Wildlife Corridors and Habitat Connectivity
CLAW envisions a connected network of habitat throughout the Santa Monica Mountains, and beyond.
For thousands of years, wildlife has been traversing the Santa Monica Mountains along well-established migratory patterns in order to find food, water, shelter, and mating opportunities. As urban sprawl spreads through this region, access to these routes becomes blocked or dangerous.
Freeways, roads, buildings, and fencing create physical barriers to animal movement, causing the remaining undeveloped land to become isolated "islands" of habitat.
Without connectivity between habitat blocks, animals have reduced access to food and mating partners.
Habitat fragmentation threatens wildlife populations in a number of ways:
Cramped into small areas, inbreeding occurs, which negatively affects the gene pool of the local population. Unable to expand into new habitat, territorial animals may fight and kill each other more frequently.
Animals become pushed out of their natural habitat, becoming nuisances in our neighborhoods, and risking collisions with cars.
Escape routes from wildfires may disappear. If the local population does not survive a fire, the animals will not be able to return to the affected habitat and repopulate the area.
These are all symptoms of habitat fragmentation.
The solution is habitat connectivity. This can be achieved through wildlife corridors, pathways that connect healthy "hubs" of habitat.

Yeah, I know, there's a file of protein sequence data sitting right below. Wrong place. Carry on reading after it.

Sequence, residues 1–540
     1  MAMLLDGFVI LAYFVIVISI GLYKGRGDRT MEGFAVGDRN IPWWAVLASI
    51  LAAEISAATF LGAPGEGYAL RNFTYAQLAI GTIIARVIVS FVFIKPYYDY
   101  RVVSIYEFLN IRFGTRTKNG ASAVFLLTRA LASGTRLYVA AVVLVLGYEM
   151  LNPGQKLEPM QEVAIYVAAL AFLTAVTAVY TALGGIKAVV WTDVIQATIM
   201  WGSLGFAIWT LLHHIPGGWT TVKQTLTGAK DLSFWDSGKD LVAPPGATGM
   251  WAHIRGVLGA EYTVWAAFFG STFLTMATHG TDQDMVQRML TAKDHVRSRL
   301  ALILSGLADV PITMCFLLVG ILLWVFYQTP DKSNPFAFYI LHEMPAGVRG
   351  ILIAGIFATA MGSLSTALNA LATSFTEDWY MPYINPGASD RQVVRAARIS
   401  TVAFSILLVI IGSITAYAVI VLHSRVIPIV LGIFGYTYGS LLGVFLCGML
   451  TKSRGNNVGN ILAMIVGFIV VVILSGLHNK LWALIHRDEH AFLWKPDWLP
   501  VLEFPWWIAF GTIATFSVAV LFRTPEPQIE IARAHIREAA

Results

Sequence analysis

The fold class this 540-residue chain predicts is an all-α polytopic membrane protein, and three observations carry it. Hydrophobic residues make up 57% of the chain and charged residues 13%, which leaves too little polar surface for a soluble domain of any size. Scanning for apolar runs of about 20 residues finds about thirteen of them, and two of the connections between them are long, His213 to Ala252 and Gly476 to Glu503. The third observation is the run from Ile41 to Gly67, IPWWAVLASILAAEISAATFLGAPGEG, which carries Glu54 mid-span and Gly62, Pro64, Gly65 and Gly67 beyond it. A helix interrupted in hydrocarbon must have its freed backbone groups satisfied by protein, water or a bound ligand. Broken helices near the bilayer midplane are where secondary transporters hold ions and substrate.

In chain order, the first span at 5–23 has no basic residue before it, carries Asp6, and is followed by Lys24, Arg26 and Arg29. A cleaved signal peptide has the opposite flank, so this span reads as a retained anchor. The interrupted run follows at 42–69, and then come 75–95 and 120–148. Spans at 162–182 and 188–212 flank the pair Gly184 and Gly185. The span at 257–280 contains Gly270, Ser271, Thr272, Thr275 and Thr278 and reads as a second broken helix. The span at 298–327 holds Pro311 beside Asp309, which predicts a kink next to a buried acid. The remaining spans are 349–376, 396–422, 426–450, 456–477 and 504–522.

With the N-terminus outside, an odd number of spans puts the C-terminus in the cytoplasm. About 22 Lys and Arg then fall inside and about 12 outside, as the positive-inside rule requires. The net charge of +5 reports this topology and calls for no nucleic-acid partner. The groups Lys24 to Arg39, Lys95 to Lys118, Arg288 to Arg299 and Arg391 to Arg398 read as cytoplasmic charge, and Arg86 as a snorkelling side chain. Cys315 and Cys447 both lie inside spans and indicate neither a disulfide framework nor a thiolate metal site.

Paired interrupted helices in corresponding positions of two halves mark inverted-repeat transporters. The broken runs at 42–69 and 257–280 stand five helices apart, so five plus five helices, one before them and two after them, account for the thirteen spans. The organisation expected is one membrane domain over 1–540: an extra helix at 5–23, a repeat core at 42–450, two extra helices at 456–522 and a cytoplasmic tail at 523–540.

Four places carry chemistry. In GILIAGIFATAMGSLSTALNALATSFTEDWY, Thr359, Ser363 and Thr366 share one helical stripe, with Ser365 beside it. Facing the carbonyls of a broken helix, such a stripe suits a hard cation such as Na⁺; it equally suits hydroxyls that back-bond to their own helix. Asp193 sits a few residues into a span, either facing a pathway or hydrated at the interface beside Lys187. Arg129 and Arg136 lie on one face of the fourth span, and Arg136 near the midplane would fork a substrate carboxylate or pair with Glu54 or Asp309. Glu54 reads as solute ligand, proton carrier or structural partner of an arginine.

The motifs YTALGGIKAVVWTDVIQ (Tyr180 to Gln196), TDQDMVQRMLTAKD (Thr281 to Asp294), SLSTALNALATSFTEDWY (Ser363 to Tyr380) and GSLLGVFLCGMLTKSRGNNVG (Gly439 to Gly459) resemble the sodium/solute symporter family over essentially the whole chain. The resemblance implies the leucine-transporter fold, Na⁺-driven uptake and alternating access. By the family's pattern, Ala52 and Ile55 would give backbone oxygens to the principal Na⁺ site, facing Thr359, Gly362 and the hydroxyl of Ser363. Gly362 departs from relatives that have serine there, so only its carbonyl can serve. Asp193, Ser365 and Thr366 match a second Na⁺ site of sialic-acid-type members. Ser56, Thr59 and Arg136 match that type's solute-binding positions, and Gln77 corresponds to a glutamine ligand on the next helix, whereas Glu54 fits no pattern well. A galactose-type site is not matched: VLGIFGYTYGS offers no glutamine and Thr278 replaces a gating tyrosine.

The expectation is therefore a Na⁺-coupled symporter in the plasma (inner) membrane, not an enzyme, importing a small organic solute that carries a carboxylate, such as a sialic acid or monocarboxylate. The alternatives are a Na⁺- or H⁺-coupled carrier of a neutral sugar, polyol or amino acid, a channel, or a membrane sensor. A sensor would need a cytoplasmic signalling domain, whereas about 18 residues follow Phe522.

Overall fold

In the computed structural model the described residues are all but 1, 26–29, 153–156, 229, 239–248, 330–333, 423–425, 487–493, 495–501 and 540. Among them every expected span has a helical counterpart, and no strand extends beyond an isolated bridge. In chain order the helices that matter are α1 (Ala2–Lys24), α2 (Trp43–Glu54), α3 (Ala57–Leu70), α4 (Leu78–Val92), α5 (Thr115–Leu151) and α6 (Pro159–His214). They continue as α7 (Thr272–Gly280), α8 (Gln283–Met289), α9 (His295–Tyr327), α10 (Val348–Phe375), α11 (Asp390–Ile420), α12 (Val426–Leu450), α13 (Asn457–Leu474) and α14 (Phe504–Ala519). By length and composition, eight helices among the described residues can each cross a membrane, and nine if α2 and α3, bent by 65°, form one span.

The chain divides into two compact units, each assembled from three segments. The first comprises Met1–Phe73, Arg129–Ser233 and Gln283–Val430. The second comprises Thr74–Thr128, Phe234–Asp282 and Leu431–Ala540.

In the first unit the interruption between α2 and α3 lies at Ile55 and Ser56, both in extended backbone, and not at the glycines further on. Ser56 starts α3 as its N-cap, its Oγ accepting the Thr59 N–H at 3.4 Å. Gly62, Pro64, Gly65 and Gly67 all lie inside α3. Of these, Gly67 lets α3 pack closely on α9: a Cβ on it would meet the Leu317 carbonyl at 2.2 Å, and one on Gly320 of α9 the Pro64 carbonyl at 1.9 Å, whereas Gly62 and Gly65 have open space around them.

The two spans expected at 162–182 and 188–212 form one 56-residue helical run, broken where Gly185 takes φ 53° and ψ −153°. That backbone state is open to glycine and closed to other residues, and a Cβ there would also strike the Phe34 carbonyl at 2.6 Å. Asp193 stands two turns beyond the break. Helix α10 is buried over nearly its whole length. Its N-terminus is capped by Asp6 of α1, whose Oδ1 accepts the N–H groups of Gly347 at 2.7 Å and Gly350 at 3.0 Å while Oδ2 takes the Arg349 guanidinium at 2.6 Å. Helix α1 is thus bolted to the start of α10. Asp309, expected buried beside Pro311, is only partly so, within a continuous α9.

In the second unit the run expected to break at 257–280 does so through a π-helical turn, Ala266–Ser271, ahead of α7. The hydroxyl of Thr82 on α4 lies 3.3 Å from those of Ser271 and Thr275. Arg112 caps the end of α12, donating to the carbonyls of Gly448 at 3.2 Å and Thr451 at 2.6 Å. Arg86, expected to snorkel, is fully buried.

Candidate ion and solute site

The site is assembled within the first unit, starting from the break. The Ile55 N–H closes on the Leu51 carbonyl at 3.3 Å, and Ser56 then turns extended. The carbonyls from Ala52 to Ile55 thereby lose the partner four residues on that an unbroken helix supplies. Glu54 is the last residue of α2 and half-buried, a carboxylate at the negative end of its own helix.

What CLAW is doing
CLAW is taking a multi-pronged approach to protecting connected habitat blocks and wildlife corridors in Los Angeles.
-Wildlife Habitat Ordinance: CLAW successfully advocated for the City of Los Angeles to designate the eastern Santa Monica Mountains (between the 405 and 101 freeways) as a Wildlife Habitat Linkage Zone. Any new housing within this region must be developed in a way that does not impinge on wildlife movement or existing corridors.
-Land acquisition: CLAW fundraised over $1.6 million to acquire 17 acres of critical habitat in Laurel Canyon in our Let's Buy A Mountain campaign. CLAW's nature cam documented the use of this land by multiple species of animals, including mountain lion and gray fox. This land, one of the largest parcels in the eastern Santa Monica Mountains, is a keystone portion of an established wildlife corridor.
-Conservation Easements: CLAW holds conservation easements on multiple pieces of land in the Santa Monica Mountains. These easements are binding agreements that ensure the land will remain natural and undeveloped in perpetuity.
What you can do
-Look at a map of your property and consider whether it facilitates wildlife movement between nearby open space. If your house may be blocking connectivity between habitat hubs, consider making changes to your fencing or landscaping in order to better accommodate wildlife movement.
-If you would like to protect natural land on your property, consider a conservation easement. This is a binding agreement that a given portion of land will never be developed upon. Conservation easements may provide you with a tax benefit.
-Support council file?
-Plant native plants?
-[Donate to our (next LBAM project?) and support our efforts to protect existing habitat blocks as nature preserves.]